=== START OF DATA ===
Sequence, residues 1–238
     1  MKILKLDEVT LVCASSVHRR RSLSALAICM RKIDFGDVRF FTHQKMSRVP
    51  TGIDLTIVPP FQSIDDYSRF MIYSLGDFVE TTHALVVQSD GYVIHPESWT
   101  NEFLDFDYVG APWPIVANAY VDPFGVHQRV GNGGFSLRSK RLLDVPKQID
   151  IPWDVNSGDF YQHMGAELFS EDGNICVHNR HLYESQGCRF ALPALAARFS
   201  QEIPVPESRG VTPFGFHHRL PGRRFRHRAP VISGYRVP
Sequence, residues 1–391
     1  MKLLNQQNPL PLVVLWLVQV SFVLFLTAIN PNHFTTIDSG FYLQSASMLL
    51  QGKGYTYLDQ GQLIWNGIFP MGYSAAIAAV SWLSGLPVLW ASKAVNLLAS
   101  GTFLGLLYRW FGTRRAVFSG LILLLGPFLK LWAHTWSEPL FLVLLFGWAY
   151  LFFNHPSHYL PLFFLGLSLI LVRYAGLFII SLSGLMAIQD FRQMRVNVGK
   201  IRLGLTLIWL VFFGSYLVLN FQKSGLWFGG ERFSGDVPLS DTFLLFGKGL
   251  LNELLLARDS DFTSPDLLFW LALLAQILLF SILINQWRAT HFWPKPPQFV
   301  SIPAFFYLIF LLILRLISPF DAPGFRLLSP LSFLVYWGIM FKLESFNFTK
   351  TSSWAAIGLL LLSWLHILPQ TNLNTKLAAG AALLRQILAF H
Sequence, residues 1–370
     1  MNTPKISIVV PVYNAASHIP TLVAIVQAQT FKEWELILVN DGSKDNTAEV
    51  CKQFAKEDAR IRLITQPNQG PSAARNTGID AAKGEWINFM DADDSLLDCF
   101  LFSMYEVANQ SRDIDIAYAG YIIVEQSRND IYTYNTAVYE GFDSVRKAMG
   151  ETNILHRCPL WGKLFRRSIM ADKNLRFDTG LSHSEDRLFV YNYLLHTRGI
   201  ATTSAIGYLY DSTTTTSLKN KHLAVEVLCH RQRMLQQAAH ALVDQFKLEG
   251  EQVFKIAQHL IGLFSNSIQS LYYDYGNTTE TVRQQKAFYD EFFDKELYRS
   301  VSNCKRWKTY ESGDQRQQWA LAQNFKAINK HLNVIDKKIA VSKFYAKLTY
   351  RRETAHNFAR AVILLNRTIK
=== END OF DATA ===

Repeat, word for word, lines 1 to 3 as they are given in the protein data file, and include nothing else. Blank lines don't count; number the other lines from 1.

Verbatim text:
Sequence, residues 1–238
     1  MKILKLDEVT LVCASSVHRR RSLSALAICM RKIDFGDVRF FTHQKMSRVP
    51  TGIDLTIVPP FQSIDDYSRF MIYSLGDFVE TTHALVVQSD GYVIHPESWT